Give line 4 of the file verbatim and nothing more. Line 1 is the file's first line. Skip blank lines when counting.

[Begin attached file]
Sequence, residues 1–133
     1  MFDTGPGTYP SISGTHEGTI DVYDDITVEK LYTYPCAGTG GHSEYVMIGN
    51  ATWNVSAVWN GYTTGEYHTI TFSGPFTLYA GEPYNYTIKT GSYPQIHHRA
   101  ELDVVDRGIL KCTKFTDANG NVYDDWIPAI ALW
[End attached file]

   101  ELDVVDRGIL KCTKFTDANG NVYDDWIPAI ALW